Rabbis Without Borders
Rabbis Without Borders is a dynamic forum for exploring contemporary issues in the Jewish world and beyond. Written by rabbis of different denominations, viewpoints, and parts of the country, Rabbis Without Borders is a project of Clal – The National Jewish Center for Learning and Leadership.
With the new Star Wars movie premiering this week, social media has gone into full spoiler prevention mode. People are pledging on Facebook not to reveal the secrets and imploring others to do the same. Google has even released a plug-in for its Chrome web browser that will block websites if it detects that there are Star Wars spoilers on it.
“Spoiler” is the term for a bit of information about the plot of a movie or a novel, for example, that one would prefer to find out on their own, and that would ruin the viewing or reading experience if known in advance. Usually this is a plot twist or surprise ending, but it could refer simply to plot points beyond what is generally known. It is Internet etiquette to announce at the beginning of a social media post or review that there are spoilers contained within (e.g. “Spoiler alert!”) and considered bad form to blurt things out without such a warning.
At this time I feel I need to assume that you, dear reader, know about the Star Wars films due to their prominence in contemporary culture. But if you don’t, I’ll just say this: between 1977 and 1983 George Lucas released a trilogy of sci-fi films—Star Wars (subsequently called A New Hope), The Empire Strikes Back and Return of the Jedi—that quickly became imprinted on the contemporary psyche. By using classic tropes of folklore and mythology in a story set in deep space, Lucas made films that were both historical and futuristic, an ancient tale of good versus evil updated for our times.
The new film, Star Wars: The Force Awakens, is highly anticipated both because it picks up the story of the much loved characters of the original trilogy, and because the prequel trilogy of films released in the the late ’90s and early ’00s were not so highly regarded. And aside from glimpses from the trailers and characters already revealed in merchandising, not much is known about the plot. And many prefer it that way.
I have tickets to see the movie Thursday night, a Hanukkah gift from my wife to me and our sons. In this age of social media, we have to be more careful with spoilers. In the past movie reviewers would refrain from giving out key plot points best kept hidden, and unless you had a friend spill the beans by accident, there was a very good chance you would not find out about a movie’s twist until you had the chance to see it yourself. Now, however, information flows freely, and we need to be careful not to inadvertently read something we wished we hadn’t.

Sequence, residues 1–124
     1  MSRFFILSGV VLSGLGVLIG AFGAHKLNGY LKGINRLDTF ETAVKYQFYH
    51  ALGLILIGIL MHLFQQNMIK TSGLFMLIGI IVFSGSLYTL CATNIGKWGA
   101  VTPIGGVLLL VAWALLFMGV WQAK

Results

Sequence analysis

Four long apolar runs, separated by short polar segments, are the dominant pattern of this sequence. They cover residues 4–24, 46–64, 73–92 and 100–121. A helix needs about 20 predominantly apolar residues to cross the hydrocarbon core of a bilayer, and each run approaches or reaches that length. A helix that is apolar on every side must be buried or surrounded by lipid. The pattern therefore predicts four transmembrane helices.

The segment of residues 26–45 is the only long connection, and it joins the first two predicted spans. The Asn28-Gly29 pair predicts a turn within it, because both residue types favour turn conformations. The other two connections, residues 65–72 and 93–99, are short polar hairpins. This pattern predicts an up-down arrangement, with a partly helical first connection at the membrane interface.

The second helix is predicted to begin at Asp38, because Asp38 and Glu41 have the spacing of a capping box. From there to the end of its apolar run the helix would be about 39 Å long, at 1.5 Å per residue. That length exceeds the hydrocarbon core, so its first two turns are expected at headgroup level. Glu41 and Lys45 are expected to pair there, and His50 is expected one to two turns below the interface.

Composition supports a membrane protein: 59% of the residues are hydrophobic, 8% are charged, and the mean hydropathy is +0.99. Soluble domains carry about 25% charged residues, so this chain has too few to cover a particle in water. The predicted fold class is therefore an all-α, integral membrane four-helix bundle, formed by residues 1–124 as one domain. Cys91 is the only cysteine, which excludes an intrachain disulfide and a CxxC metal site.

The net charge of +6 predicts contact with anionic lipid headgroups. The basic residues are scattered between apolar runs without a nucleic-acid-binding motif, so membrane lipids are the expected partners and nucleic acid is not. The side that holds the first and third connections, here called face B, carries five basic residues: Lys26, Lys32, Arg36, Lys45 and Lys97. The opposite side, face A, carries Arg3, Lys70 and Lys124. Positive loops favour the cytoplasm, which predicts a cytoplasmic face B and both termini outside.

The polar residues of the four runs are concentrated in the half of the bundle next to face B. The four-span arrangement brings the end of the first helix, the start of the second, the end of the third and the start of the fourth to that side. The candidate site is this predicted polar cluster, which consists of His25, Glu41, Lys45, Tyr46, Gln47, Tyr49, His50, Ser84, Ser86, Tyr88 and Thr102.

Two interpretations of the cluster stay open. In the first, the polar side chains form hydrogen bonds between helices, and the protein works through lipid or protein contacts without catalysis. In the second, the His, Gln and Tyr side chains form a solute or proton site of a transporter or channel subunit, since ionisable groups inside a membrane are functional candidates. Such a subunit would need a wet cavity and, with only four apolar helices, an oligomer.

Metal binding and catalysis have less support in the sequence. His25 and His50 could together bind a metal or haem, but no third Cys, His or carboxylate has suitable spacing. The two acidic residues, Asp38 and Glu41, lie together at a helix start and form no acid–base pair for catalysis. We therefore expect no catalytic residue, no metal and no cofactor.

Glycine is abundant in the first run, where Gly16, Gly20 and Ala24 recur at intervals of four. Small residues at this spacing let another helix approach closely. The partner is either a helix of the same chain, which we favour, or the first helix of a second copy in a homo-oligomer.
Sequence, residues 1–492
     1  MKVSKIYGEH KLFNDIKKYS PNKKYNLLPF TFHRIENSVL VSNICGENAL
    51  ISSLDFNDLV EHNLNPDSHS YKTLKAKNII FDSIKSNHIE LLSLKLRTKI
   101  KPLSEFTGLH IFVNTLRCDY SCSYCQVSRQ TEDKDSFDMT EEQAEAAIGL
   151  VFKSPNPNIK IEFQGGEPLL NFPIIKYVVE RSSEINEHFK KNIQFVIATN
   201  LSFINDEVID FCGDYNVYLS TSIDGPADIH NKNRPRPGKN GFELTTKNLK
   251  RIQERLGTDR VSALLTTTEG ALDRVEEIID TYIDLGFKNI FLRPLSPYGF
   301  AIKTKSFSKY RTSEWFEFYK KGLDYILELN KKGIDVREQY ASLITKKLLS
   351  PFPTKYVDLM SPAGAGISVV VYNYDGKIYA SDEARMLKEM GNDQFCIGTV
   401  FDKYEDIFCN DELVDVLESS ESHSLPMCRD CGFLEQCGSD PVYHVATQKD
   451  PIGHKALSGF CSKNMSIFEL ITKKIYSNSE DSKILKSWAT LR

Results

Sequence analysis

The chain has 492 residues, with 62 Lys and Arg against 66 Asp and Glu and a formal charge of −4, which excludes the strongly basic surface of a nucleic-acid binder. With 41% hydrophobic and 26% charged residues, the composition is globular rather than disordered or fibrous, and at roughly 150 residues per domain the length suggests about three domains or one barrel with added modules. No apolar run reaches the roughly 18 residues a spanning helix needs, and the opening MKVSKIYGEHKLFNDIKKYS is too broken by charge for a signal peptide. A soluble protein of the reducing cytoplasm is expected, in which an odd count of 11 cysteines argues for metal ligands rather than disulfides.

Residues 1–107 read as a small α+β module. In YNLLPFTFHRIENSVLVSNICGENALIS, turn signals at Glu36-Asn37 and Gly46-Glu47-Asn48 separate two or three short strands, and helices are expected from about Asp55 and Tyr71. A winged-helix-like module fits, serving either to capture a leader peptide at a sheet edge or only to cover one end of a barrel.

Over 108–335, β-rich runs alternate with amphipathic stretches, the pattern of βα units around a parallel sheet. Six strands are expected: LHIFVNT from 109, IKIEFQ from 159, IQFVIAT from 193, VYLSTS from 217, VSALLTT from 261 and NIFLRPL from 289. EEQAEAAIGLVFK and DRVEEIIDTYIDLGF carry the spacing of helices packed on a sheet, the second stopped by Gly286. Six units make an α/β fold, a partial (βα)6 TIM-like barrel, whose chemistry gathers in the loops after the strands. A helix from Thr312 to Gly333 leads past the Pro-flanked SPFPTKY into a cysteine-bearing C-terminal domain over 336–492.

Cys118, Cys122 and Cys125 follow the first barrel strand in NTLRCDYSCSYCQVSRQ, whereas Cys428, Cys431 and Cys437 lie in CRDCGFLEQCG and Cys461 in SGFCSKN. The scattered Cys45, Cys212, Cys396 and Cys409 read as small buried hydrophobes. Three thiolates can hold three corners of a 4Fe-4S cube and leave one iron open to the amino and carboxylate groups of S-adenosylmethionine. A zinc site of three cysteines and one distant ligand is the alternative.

But one could ask, is there ever a point when a spoiler is no longer a spoiler? At this point, is it a giveaway to say what “Rosebud” was, the dying word of Charles Foster Kane uttered in the opening scenes in the 1941 Orson Wells classic Citizen Kane? More recently, the last Harry Potter book came out in 2007. Don’t most people know what happened by now?
But, the thing is, I don’t. I didn’t read Harry Potter when it first came out, and I am reading them now for the first time with my 9-year-old son. (We are on book six.) So I have consciously avoided any reference to the series in the hopes of accidentally reading a spoiler. It is not easy. I’ve had to quickly turn away from websites, or stop conversation in mid-sentence. But so far, so good.
And here is the thing about a spoiler…it never really ceases to be a spoiler. For something is always new to someone. While Citizen Kane was released 75 years ago next September, there are still new generations who are discovering the film for the first time. Best that they have their opportunity to learn what “Rosebud” is. (I’m not telling.)
And even the Torah, which we read in its totality year after year, and have for millennia, is full of spoilers. This week’s Torah portion, Vayigash, is the climactic moment of the Joseph story. After being sold into slavery by his jealous brothers, Joseph, who subsequently has risen from slavery to the highest ranks of Egyptian government and society, makes a big reveal akin to Darth Vader’s announcement to Luke Skywalker towards the end of Empire Strikes Back. (One could imagine Joseph saying, “No, I…am your brother.”)
And while it is harder to keep plot points hidden after 2,000 years, the Torah remains full of spoilers not only because people are continually reading these stories for the first time, but because they are reading it again with brand new eyes. Something is always new, always shocking. There is always a big reveal, not because the story is unknown to us, but because we may be unknown to ourselves. We are continually in a place of self-discovery, and we should always be open to that fun and exciting element of surprise.
So I pledge not to reveal any spoilers, either for Star Wars or for Torah. It’s best that we discover these things for ourselves and allow for others to do the same.
Pronounced: KHAH-nuh-kah, also ha-new-KAH, an eight-day festival commemorating the Maccabees’ victory over the Greeks and subsequent rededication of the temple. Falls in the Hebrew month of Kislev, which usually corresponds with December.
Pronunced: TORE-uh, Origin: Hebrew, the Five Books of Moses.